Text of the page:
The eighth album from Marissa Nadler, For My Crimes, is the sound of turmoil giving way to truth. Bolstering the intimacy of these songs is the strong feminine energy that defined their recording. Between co-producers Lawrence Rothman’s fluidity with both gender and genre (as heard on his 2017 album The Book of Law), and Justin Raisen’s track record of successful collaborations with strong women (Angel Olsen, Kim Gordon, Charli XCX), Nadler felt empowered to explore without judgement in the studio. With the exception of saxophonist Dana Colley (Morphine), every player on the album is a woman of notable pedigree and distinct style; Angel Olsen, Kristin Kontrol (Dum Dum Girls), and Sharon Van Etten all lend vocals, Mary Lattimore joins on harp, Patty Schemel (Hole) plays drums, experimental multi-instrumentalist Janel Leppin adds gorgeous string arrangements, and Eva Gardner plays additional bass.
These women and others helped make For My Crimes as dynamic as it is intimate, but Nadler’s mesmerizing voice—stripped of nearly all reverb—is what sits at the center of these songs. You can hear the emotional range of her performances more than ever before, and as a singer, she has never sounded more confident. For My Crimes, Nadler’s most evocative entry in an already impressive discography, is set for release September 28, 2018 on Bella Union and Sacred Bones.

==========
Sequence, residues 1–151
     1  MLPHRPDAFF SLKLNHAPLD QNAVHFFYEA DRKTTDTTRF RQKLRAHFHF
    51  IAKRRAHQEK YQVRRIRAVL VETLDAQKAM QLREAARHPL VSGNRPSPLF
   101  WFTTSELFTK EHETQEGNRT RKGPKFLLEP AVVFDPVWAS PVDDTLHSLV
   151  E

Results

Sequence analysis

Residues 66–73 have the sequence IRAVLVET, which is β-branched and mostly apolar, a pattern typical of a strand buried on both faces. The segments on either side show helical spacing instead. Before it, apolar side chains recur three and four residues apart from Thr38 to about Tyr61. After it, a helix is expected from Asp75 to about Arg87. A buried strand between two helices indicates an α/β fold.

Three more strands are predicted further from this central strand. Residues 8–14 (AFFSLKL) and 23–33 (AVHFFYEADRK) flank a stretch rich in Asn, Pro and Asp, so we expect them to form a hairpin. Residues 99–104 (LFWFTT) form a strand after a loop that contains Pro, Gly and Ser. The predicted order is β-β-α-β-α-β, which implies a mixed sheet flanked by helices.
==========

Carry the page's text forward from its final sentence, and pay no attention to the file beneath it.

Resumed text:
Pallbearer emerged from Little Rock, Arkansas in 2012 with a stunning debut full-length, Sorrow and Extinction. The record, which played like a seamless 49-minute doom movement, melded pitch-perfect vintage sounds with a triumphant modern sensibility that made songs about death and loss feel joyfully ecstatic. Pallbearer possessed what many other newer metal groups didn't: perfect guitar tone, classic hooks, and a singer who could actually sing.
For their 2014 followup, Foundations of Burden, the band worked with legendary Bay Area producer Billy Anderson (Sleep, Swans, Neurosis) for an expansive album that was musically tighter and especially adventurous. Armed with a more technical drummer, Mark Lierly, Foundations feels like it was built for larger shared spaces—you could imagine these songs ringing off the walls of a stadium. It was a hint of things to come. While the debut earned the band a Best New Music nod from Pitchfork and rightly landed the band on year-end lists at places like SPIN and NPR, along with the usual metal publications, Foundations of Burden charted on the Billboard Top 100 and earned the band album of the year from Decibel and spots on year-end lists for NPR and Rolling Stone.
Returning to where it all began, the quartet recorded their third full-length, Heartless on their own in Arkansas, and it’s grander in scope, showcasing a natural progression that melds higher technicality and more ambitious structures with their most immediate hooks to date. The collection, which follows the 3-song Fear & Fury EP from earlier this year, was captured entirely on analog tape at Fellowship Hall Sound in Little Rock this past summer and then mixed by Joe Barresi (Queens of the Stone Age, Tool, Melvins, Soundgarden).